A hospital had dumped its longstanding hospital-based contractor (this time an anesthesia group) in favor of a “national practice.” The national practice presented well – lots of guys in nice suits and far better graphics on their presentation materials than the old group. And the old group “cost” too much.
Of so the hospital thought.
But the suits were empty. The national group wasn’t a group at all. It was a staffing, or rather, a billing, service. And it couldn’t or wouldn’t recruit to full strength. The hospital’s business faltered, resulting in the loss of millions.
Flash forward to a few days ago. Less than a year after it arrived, the national group has been given notice of termination. The hospital’s CFO, who championed the cost savings, has been fired.
Mark F. Weiss
Oct 07 2011
If your medical group signals its weakness, it will become easy prey.
Oct 05 2011
What an odd color Mercedes; pink, like cotton candy.
But what color is that pink? The pink in your mind’s eye is different from that in mine, and from that of each other reader.
That’s because colors are perceptions made by each of us.
The three students filed into the room and took seats facing the large screen. A block of color was projected onto it.
“What color is the block?” asked a voice from the back of the room.
“Blue – Blue – Blue,” they replied.
“White – White – White.”
“And this block?”
“Green – Green – Wait, that block isn’t green, it’s pink!”
No, not a difference in perception, but a college psych study of compliance. Will the test subject, the third student, parrot the obviously erroneous answer of the two confederates? Will he say that pink is green?
So what’s the right way of looking at ACOs, physician alignment, hospital-physician collaboration and other initiatives to bind physicians to hospitals?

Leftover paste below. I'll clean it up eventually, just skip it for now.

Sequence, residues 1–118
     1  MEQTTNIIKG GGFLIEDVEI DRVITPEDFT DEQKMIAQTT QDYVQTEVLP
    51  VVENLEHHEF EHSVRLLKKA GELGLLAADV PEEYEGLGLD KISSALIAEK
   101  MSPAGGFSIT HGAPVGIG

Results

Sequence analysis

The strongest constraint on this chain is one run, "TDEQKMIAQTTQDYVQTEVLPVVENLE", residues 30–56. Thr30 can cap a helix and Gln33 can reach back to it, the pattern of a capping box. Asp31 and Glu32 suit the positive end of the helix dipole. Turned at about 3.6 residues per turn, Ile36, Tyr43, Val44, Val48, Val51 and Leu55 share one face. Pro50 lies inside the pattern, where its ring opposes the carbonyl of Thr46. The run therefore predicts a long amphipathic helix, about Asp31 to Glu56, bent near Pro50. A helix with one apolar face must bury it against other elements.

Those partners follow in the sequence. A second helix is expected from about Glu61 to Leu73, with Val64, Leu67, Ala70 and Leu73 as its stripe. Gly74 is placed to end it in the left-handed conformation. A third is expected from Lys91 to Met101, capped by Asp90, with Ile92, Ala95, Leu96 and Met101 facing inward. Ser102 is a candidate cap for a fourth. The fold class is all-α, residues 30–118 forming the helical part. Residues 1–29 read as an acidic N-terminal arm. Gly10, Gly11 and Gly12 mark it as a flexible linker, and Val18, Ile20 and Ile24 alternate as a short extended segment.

Is it that I, like you, see the true color – control not alignment, top down authority not participation, lockstep factory medicine as opposed to individualized patient care, cookbook versus innovation?
Or is it simply a matter of seeing the same color in slightly different ways?
The test, I suppose, is to construct a collaborative deal in the manner of what’s commonly referred to as a Dutch auction: One party names the price and the other chooses to be the buyer or the seller. Or your brother splits the brownie and you choose the bigger “half.”
So, if collaboration really is the real thing, let the hospital design the deal, but the physicians control it.
The hospital’s CEO is turning pink! What color, exactly?
Mark F. Weiss
Oct 03 2011
The tides come in and out, ties get wider then narrower then wider again, and society cycles round and round from “me” to “we.”
Today’s society is heavily affected by “we” think, from notions of shared sacrifice, to paying your fair share, to “giving back.”
Not every individual or entity in a society buys into the current stage of the cycle and that’s why trends eventually moderate and return toward the antipode. However, there are some who, while holding a view closer to the other extreme, understand that they can benefit from co-opting the current zeitgeist.
Thus the move by hospitals to take advantage of “we” think.
As the current wave of collectivism shapes trends in healthcare, hospitals seek to ride that wave to further their own “me” interests: Witness the completely hospital-centric notions of Accountable Care Organizations, healthcare collaboration, and integrated delivery systems.
Physicians are told that the future of healthcare is not in rugged individualism but, rather, in the “it takes a village” world.
But they are being told that by the hospital that wants to be the mayor of the village.
Mark F. Weiss
Sep 30 2011
Stop kidding yourself that the delivery of expert, even world-class, medical care is sufficient to guarantee your group’s future. Understand how to identify and incentivize high level customer service.